>of a curiosity for future generations. However, I am certain that in 40
                  >years all that is necessary for someone to is enter their best guess of
                  >the family name and general geographic location into what ever replaces
                  >this rudimentary information system - internet - and fuzzy logic will
                  >provide the best answer along with several other potential answers. I
                  >think the resources will be there.
                  >
                  >I do include the spellings of the names as they appear in the records
                  >and include the modern day equivalent Jan = John, Alzbeta = Elizabeth,
                  etc.
                  >
                  >Dr. "Q"
                  >
                  >Bill Tarkulich wrote:
                  >
                  >
                  >
                  >>Hello "Q",
                  >>
                  >>The problem with "resources" is that they may not be in your control.
                  >>External resources may or may not be accessible in a form you might expect
                  >>20 years from now. In five years, I have seen several references come and
                  >>go. That's one reason I make a private copy of any web resource I find
                  >>helpful.
                  >>
                  >>I think it's simpler to put the three to six most common names into a
                  >>cross-reference document and include it with your family trees.
                  >>
                  >>Bill
                  >>
                  >>On Tue, August 8, 2006 12:03 am, Dr. Joe Q. said:
                  >>
                  >>
                  >>
                  >>
                  >>>Cute!
                  >>>
                  >>>It is important to have the continuity of the various names over the
                  >>>ages, however, one can become compulsive in the process. I think that
                  >>>for the future generations, that the various Hungarian, German,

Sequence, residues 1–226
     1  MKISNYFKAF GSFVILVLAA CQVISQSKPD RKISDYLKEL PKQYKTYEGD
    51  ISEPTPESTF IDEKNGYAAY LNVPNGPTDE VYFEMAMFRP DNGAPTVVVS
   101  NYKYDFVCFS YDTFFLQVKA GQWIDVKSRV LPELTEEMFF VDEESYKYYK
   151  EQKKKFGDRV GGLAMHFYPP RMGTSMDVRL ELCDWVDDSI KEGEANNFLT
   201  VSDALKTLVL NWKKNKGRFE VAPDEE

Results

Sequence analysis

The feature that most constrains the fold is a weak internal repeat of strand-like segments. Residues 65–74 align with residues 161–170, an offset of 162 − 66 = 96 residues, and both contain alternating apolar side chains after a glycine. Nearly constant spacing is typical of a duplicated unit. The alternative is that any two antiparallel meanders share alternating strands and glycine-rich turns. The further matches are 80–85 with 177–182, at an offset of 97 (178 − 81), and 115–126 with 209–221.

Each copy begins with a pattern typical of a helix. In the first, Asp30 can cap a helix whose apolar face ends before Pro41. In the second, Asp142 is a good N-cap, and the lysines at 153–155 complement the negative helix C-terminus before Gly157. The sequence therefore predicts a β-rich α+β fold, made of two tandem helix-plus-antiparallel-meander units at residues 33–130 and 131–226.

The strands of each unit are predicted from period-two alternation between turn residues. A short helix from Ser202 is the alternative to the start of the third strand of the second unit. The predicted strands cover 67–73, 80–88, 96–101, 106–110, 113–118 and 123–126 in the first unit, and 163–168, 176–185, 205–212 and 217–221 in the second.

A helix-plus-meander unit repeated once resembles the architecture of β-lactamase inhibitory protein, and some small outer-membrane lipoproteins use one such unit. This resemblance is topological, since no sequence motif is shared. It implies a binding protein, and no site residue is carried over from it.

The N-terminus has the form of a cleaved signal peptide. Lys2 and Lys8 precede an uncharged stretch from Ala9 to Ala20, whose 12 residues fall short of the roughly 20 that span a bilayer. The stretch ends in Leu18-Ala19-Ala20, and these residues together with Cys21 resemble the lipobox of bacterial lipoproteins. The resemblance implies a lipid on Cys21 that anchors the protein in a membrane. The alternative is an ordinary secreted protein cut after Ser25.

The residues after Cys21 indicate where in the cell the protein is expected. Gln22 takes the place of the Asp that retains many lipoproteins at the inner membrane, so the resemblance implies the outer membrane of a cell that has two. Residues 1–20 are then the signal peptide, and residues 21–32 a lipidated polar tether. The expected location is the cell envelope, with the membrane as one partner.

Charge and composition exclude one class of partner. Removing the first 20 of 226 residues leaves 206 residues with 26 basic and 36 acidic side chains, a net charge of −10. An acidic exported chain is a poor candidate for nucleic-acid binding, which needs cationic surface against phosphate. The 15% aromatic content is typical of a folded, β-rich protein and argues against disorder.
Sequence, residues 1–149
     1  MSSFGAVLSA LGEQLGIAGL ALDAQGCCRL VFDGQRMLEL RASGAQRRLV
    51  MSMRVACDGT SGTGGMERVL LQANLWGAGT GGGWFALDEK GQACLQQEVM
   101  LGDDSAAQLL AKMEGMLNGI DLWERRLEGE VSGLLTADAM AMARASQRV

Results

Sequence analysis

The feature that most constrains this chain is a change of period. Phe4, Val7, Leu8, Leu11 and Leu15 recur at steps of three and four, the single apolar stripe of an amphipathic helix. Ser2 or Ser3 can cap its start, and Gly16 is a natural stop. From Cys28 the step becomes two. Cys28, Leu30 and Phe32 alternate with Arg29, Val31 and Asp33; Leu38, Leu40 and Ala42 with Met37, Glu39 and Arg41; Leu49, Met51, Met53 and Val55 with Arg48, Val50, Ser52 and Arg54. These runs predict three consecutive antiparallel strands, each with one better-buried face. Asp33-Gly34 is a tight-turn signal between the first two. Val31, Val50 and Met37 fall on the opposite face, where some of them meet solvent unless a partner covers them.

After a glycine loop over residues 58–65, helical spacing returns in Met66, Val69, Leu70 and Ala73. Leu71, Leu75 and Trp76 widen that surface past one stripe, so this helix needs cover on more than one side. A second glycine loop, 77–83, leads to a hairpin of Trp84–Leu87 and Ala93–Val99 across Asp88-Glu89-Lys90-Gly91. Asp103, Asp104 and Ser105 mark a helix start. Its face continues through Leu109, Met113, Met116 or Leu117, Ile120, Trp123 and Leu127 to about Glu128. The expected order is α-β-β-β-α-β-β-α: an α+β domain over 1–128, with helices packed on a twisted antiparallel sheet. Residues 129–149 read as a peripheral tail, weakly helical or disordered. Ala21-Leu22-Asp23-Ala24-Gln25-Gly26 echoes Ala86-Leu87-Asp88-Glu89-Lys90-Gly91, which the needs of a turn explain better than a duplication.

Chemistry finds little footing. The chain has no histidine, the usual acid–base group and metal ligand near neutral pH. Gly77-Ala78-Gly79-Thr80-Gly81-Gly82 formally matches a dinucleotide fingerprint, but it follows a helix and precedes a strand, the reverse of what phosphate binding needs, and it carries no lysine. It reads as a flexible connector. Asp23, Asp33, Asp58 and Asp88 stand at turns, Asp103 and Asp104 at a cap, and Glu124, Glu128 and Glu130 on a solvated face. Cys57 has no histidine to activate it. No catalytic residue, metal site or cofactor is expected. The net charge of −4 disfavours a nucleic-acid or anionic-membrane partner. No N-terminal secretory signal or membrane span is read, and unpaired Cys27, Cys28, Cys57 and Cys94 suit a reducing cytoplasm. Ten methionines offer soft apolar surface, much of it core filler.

>>>Czechoslovak, and Slovak names will be easy to identify and correlate.
                  >>>Spisska Nova Ves was Iglo. Enter "Iglo Slovakia" into google and you
                  >>>will get hits with Spisska Nova Ves and Iglo. I do not think that any
                  >>>grand children will be at a disadvantage if you do not include all of
                  >>>names of a town from 1835 to 1920/1990. Of course there is no harm in
                  >>>doing so, but I feel that in most cases it is no longer necessary. You
                  >>>can provide the 25+ names of a town from 1200 - 1990, but from a
                  >>>practical standpoint, there are plenty of online resources now. What do
                  >>>you anticipate those resources to be in 20 - 40 years?
                  >>>
                  >>>Just my thoughts.
                  >>>
                  >>>Dr. "Q"
                  >>>
                  >>>Gordon L. Grening wrote:
                  >>>
                  >>>
                  >>>
                  >>>
                  >>>
                  >>>>Good point taken. I wonder what members of the DAR use. Would they put
                  >>>>Boston, Mass. Colony, England!!
                  >>>>
                  >>>>Anyone out there know any New England genealogist. I wonder if the DAR
                  >>>>has
                  >>>>a web site.
                  >>>>
                  >>>>Have a feeling my great-great grandfather would roll over in his grave
                  if
                  >>>>I
                  >>>>said he was born in Hungary and not Slovakia. He was a Rusyn and from
                  >>>>what
                  >>>>I understand they really hated the Hungarians. But then I don't think
                  >>>>they
                  >>>>were too nuts about the Slovaks either.
                  >>>>
                  >>>>----- Original Message -----
                  >>>>From: <frank.r.plichta@...>
                  >>>>To: <SLOVAK-ROOTS@yahoogroups.com>
                  >>>>Sent: Monday, August 07, 2006 9:12 AM